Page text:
Baglan, Ablon, and the Indigenous Healing Ways of the Ilokanos
Aurelio Solver Agcaoili
All over the world, there is that renewed interest in the things of the old, such as the old ways of looking at the world, and the old ways of how to deal with the day-to-day challenges of life.
In Hawaii, for instance, the indigenous ways of the Hawaiian people have found a place in academic discourse, even if there is more to be done in pushing for it to become part of everyday public discourse.
The public space accorded to the indigenous ways is a deployment of a political symbol.
It means, among others, the recognition that the ways of the indigene, when properly understood, are as legitimate as the ways of anything western, including that almost hegemonic reference to western knowledge based on the science of theory-making, proving under controlled conditions, concluding, predicting, and repeating.
The problem with indigenous knowledge is that it is not predicated under those terms of western knowledge.
It is also human knowledge, but is not western knowledge if by knowledge we mean here a system of understanding the human being, the world around her, and her relationships.
We take the case of the Ilokano baglan.
Somewhere in history, the baglan before the coming of the Spanish colonizer was the revered and esteemed religious leader and community healer.
She was way above the ordinary, able to commune with the forces of the universe, and like the mangngagas, she could commune with the elements, the mountains, the seas, the plants, and the animals.
The Spaniards, unable to understand the ways of this indigenous healer called her the baglan that is weird, insane, imbalanced, psychotic, among other terms that survived when today we tell that someone is ‘agbagbaglan’: ‘Ania man ti kukueen ta baketen ta agbagbaglan manen iti puon ti kayo?’ (What is that old woman doing that she is again doing the baglan at the base of the tree?)
I think of this baglan now—and I think of the ways of the old, the primal ways, the ways beyond the reach of the capitalist interest of pharmaceutical companies, and profiteering motives of the health care industry, and how we all become beholding to this external force we call health insurance.
In our overly Americanized lives, we fall prey to this scheme, and we become believers of the religion whose maxim is that if you have no health insurance you are doomed in America.
Which is true.
But if we scratch the surface of this logic of our irrational lives, we see interests galore, the interests of an industry we call simply ‘health’ and the system it has spawned.
And we have no control, except to say Amen!
Which brings us to the baglan, the indigenous healer that, across history, and in order to get away from the hold of the Spaniards, metamorphosed into so many forms, from the Hispanic herbolario to the negative understanding of what he is in the sense of being a quack doctor through the farcical rendition of his name as albulario, erbolario, or elbolario, and the same farcical rendition of him as a man with a cone-shaped handkerchief tied like a pyramid on his head and muttering inaudible, sometimes pidgin language no one among his hearers understand.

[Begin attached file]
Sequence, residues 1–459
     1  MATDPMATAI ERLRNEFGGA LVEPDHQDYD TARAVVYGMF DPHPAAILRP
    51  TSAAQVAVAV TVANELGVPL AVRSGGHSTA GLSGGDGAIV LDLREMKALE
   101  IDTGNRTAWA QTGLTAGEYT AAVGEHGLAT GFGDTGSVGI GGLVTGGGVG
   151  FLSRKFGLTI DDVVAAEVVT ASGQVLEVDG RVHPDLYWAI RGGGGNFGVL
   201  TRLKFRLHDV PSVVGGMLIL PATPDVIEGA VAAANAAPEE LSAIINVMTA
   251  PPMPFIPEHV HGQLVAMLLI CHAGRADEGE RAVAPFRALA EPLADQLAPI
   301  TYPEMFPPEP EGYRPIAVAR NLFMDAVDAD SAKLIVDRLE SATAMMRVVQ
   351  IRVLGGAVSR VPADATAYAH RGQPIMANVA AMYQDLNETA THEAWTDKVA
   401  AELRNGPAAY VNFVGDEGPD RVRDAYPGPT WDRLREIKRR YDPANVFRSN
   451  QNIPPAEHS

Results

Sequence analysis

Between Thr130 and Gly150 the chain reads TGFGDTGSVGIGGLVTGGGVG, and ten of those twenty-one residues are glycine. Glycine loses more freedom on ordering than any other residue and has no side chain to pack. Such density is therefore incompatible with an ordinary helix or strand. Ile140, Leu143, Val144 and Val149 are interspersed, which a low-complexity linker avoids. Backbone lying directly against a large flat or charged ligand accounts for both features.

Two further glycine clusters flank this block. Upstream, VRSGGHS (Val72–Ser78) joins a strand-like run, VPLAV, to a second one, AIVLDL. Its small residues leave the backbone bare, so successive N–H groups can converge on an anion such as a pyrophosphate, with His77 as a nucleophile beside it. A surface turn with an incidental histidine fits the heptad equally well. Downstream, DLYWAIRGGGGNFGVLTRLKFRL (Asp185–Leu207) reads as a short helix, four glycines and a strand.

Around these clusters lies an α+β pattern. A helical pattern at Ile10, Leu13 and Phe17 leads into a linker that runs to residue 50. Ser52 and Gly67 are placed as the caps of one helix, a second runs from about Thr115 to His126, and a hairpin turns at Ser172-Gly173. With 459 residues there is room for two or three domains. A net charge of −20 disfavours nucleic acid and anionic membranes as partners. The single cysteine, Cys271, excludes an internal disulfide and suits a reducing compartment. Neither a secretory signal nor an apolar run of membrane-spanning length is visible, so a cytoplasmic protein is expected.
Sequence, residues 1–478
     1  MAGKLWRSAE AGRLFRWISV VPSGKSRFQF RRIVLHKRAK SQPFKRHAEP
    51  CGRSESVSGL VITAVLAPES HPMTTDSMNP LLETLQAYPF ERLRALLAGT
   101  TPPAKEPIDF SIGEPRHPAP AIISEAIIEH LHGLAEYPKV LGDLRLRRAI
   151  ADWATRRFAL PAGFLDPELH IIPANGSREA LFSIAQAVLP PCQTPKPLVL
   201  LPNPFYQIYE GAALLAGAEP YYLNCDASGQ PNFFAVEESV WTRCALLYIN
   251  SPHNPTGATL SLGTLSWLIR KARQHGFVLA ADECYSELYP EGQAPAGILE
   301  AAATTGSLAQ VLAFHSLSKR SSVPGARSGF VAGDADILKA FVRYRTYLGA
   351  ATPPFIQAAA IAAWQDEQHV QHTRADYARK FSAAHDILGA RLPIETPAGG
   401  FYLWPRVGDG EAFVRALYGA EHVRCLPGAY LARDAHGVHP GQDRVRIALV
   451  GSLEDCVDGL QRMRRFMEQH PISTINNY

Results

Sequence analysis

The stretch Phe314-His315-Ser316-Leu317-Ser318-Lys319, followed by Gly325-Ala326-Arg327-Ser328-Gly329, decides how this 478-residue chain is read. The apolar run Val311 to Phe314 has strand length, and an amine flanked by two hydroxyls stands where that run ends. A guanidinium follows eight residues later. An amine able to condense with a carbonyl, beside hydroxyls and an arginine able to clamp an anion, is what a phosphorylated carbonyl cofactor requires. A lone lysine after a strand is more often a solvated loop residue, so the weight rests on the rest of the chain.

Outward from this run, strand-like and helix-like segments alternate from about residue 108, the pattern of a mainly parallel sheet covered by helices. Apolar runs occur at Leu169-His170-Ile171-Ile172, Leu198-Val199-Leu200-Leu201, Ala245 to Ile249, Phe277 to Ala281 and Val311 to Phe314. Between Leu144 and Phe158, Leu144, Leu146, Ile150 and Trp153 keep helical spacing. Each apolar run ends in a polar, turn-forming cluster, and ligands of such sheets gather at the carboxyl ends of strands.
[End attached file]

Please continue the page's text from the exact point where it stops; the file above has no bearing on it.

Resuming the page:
The baglan is cousin to the ilot, mangngilot, or agil-ilot.
The baglan is twin to the mangngagas.
But the baglan is twin as well to the mangngablon, the terms ablon and baglan perhaps coming from the same stem. The phonetic relationship is too close to even doubt: when said, uttered, ablon and baglan sound so close they might be the same.
Which leads us to the our diasporic lives.
The questions begging answering is this: Have we lost the baglan? Have we lost the mangngilot? Have we lost the mangngagas? Have we lost the mangngablon?
There are two answers to the question.
Yes, we have lost them.
They is no such thing as ‘alternative’ medicine in the United States, not in the way we understand what legitimate medical practice is all about.
No, we have them around.
They metamorphose into the indigenous healers of our neighborhood, the same people who give as those relieving ritual touch and relief-giving language we no longer hear even as we lead our busy, too busy lives.
In a linguistic sense, the baglan is the mangngablon now more legit, more above ground.
Because the baglan had to go underground in order to survive, she had to come to the surface with the tacit blessings of those who can command what reason is acceptable in the currency of power and what it does.
Yes, indeed, we still have them around.
And they ought to remain around in the eternity of Ilokano time.
From the Lecture Notes on the Philosophy of Ilokano Language, Christ the King Graduate School of Philosophy, 2000.
Also: Observer, March 2012